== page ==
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Expectedly the Supreme Court has turned down pleas by some telcos to recalculate their adjusted gross revenue-related dues. Vodafone Idea, Bharti Airtel and Tata Teleservices, had cited errors in computation by the telecom department in their plea to the top court. However, it had always seemed a futile bid, particularly after the earlier order rejecting the self-assessment by the three.

While the fate of Tata Teleservices had already been sealed long before the case went to court, Bharti Airtel should be able to take the blow in its stride. The attention now is on the viability of Vodafone Idea’s business in India. Crippled by a debt burden of 1.8 trillion, the dismissal by the court couldn’t have come at the worst time for the stricken telco. Just last month, it had asked its lenders to give up their first charge on its collateral with the banks so that it could raise desperately needed funds. Vodafone Idea was hoping that the 15,000 crore in foreign investment it was planning to raise coupled with some relief from the highest court would offer some succour. But, unfortunately, it has instead had the door shut firmly in its face.

It now faces the prospect of coughing up 47,000 crore in adjusted gross revenue dues payable in instalments over the next 10 years. However, with its net debt at 10 times its operating profits (as per Yes Securities) and its average revenue per user (ARPU) at 107, the lowest among the three incumbents, it does appear to be an uphill struggle for the company.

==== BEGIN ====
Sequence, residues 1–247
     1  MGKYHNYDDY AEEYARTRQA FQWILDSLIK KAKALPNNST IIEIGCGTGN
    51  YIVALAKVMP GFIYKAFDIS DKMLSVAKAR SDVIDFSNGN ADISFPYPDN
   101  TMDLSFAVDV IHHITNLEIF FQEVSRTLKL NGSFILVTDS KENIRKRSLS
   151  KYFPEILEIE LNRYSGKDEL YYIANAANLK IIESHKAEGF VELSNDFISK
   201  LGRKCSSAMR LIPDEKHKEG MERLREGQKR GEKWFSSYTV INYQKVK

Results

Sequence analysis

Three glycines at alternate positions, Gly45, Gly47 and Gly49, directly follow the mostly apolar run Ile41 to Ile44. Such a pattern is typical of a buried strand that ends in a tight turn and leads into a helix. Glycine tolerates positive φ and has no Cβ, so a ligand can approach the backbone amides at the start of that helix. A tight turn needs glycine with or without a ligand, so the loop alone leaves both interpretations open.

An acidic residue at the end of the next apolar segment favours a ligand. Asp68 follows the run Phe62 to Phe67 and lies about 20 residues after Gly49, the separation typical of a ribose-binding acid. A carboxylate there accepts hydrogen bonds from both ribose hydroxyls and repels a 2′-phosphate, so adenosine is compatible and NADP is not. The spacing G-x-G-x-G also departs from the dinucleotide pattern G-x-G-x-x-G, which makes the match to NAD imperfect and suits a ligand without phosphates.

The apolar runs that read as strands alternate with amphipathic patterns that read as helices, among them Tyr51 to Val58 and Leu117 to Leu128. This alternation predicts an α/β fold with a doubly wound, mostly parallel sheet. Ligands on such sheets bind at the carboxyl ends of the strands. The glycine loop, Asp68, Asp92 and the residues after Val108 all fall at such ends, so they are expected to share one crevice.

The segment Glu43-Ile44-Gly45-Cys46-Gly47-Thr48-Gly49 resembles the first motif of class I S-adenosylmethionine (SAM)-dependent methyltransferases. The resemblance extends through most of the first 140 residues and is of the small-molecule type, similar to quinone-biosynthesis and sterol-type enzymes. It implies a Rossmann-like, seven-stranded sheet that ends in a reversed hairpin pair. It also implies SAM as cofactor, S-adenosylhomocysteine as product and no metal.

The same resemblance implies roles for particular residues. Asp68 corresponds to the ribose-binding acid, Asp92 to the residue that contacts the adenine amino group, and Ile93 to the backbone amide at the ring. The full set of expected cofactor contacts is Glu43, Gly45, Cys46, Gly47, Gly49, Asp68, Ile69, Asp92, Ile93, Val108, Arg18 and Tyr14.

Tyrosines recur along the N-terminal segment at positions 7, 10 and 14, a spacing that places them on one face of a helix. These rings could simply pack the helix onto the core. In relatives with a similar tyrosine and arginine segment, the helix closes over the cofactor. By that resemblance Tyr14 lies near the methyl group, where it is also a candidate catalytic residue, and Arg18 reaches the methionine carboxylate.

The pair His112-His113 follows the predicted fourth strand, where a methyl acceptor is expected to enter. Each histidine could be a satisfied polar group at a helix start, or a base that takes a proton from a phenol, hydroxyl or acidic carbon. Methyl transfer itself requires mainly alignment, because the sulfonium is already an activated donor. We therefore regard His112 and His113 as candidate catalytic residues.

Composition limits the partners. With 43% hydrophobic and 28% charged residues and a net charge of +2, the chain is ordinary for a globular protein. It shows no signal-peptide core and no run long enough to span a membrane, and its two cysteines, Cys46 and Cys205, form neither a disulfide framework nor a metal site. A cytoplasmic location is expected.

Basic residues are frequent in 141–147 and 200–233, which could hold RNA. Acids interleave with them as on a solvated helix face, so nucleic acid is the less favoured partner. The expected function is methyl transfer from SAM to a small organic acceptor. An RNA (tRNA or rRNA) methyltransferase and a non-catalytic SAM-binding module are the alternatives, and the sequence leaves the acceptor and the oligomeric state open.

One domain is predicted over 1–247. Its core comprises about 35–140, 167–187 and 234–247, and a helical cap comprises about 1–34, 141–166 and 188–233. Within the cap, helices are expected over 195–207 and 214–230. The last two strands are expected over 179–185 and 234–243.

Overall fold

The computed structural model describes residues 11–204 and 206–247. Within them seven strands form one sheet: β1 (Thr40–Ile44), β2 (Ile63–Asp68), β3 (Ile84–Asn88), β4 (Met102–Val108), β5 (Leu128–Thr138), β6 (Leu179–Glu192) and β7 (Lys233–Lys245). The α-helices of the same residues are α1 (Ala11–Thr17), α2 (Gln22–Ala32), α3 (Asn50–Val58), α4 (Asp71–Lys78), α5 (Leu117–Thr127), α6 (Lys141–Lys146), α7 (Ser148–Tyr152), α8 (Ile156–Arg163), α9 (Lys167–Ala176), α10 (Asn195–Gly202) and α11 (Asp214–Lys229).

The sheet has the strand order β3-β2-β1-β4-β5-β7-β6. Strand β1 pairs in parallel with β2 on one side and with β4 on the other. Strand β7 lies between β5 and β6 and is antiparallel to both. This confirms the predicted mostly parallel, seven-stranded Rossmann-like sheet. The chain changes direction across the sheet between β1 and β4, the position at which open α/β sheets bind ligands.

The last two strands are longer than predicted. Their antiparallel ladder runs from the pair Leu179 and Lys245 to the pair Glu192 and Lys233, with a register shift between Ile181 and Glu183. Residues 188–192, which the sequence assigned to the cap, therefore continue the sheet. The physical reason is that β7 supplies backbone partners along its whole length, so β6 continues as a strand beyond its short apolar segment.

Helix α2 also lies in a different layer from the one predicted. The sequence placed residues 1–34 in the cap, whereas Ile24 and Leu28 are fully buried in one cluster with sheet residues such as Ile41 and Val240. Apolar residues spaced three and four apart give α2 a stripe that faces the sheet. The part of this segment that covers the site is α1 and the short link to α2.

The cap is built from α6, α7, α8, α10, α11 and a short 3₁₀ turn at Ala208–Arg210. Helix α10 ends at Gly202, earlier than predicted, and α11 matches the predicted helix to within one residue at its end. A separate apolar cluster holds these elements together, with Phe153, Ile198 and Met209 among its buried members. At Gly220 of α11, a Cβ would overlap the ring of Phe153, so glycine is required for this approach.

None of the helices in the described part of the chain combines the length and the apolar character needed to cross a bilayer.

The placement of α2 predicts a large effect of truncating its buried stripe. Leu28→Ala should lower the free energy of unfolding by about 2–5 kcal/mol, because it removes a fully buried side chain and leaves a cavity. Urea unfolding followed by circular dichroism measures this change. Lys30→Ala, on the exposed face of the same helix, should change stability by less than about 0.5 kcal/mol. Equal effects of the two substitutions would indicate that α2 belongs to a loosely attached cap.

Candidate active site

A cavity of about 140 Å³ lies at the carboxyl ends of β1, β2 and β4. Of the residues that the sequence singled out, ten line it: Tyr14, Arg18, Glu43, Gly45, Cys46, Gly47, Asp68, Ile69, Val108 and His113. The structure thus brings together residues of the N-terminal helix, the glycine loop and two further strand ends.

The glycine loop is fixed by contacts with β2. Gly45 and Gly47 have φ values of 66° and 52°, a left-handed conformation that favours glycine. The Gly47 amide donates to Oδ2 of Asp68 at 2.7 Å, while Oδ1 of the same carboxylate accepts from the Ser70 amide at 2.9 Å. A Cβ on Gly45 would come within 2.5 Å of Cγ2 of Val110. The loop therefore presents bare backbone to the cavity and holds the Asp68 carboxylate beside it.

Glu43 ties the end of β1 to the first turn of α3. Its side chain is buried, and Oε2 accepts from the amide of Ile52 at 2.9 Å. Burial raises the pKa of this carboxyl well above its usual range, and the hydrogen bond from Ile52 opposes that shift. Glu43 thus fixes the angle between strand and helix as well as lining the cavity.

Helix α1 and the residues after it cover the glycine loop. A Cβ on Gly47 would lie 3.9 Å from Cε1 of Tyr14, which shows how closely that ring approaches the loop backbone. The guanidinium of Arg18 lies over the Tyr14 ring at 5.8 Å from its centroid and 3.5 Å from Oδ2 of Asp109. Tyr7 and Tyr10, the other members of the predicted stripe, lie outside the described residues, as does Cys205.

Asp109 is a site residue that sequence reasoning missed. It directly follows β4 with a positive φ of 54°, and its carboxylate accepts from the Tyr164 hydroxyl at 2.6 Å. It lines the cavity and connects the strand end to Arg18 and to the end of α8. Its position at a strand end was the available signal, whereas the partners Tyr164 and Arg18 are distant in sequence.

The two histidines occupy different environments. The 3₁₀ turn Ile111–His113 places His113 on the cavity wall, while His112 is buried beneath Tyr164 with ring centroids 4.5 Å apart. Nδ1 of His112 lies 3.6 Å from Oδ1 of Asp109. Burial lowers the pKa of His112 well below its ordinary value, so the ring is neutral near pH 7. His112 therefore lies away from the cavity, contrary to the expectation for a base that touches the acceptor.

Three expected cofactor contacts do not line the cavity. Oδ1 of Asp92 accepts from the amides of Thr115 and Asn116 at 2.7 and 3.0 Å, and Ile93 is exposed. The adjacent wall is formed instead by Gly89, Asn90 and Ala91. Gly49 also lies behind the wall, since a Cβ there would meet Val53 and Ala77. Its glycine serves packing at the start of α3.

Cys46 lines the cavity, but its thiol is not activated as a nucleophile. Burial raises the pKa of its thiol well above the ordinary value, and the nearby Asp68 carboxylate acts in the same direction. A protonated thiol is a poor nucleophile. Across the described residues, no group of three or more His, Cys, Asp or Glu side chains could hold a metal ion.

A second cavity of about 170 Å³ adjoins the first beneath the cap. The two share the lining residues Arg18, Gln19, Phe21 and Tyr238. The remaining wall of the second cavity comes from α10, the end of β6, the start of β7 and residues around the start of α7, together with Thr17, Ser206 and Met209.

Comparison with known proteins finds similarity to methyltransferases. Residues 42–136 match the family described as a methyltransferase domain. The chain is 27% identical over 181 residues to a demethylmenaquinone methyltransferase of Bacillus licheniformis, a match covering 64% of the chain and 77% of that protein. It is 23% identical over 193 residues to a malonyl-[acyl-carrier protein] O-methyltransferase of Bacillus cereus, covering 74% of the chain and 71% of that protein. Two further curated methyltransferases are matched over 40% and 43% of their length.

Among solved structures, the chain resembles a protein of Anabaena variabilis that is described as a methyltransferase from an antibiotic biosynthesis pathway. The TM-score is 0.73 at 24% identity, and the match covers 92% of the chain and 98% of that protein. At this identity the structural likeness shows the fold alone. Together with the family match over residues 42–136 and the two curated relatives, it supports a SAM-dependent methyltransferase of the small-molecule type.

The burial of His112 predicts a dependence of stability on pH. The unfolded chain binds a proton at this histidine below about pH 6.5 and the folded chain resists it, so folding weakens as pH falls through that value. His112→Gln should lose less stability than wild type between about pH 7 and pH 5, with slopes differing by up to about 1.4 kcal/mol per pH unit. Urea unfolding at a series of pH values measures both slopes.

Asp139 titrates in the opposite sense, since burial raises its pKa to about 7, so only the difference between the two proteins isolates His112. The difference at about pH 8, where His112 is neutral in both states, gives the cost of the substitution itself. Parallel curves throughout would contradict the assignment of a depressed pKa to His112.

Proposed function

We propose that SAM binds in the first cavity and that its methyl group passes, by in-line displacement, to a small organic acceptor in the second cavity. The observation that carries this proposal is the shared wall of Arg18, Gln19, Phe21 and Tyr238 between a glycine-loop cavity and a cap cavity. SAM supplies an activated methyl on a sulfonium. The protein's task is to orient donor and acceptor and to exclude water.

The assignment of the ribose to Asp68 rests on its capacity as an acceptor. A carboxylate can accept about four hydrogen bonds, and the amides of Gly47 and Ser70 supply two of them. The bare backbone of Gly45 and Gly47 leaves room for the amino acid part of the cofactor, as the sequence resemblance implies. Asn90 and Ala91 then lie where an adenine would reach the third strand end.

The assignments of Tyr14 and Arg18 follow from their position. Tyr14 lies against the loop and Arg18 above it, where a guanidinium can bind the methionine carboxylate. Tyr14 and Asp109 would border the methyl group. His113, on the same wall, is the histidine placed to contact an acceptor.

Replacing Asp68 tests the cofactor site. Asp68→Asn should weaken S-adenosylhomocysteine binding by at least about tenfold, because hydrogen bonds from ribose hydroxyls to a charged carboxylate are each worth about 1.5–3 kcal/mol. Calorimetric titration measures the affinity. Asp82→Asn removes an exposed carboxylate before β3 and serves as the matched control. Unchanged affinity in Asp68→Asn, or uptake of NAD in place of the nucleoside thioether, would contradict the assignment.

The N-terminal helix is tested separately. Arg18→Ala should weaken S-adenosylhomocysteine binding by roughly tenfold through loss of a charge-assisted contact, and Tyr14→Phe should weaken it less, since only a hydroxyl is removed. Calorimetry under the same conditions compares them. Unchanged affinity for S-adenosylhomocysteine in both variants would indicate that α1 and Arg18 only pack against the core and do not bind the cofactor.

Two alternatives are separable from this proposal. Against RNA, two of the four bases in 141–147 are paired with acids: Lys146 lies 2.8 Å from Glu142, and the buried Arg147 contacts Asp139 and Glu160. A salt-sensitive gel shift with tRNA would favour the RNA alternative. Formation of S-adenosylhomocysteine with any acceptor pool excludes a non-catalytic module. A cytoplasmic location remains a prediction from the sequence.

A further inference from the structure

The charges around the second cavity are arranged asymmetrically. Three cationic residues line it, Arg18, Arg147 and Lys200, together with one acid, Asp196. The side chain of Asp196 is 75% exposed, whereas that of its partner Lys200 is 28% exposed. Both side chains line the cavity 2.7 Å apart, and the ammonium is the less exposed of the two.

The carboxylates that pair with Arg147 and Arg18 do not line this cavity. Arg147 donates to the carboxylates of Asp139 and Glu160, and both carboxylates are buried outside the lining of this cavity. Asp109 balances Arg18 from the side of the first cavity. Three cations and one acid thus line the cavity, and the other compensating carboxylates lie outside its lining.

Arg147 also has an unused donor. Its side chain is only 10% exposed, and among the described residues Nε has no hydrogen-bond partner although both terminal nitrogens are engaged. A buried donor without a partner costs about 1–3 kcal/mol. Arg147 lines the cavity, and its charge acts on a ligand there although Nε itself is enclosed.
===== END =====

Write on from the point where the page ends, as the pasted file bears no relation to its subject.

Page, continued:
It is telling that even as Vodafone Idea’s stock price crashed as much as 10% after the court order, that of its rival Bharti Airtel, also affected by the same ruling, recovered after a brief fall. Clearly, in the markets’ estimation, Vodafone Idea’s loss will be Bharti’s gain to a degree where it will mitigate the latter’s fallout from the additional burden.

Vodafone Idea had already stated in court that the only way it can service the additional dues is by earning them from its business. For that, it will first have to stay solvent and raise its ARPU, both a tall order.

Looking askance at the developments will be the clutch of banks—State Bank of India, Yes Bank, Indusind Bank and IDFC First among them—who could be left holding the baby if Vodafone Idea decides it has had enough of fighting capricious regulators and a government that seems comfortable with the idea of a duopoly in a key sector. While SBI’s lending of 11,000 crore will constitute a small exposure in its books, for Yes Bank and IDFC First, the exposure is significant.

Yet, their potential losses pale compared to what the Indian customer stands to lose if her choice of service providers is eventually limited to two.

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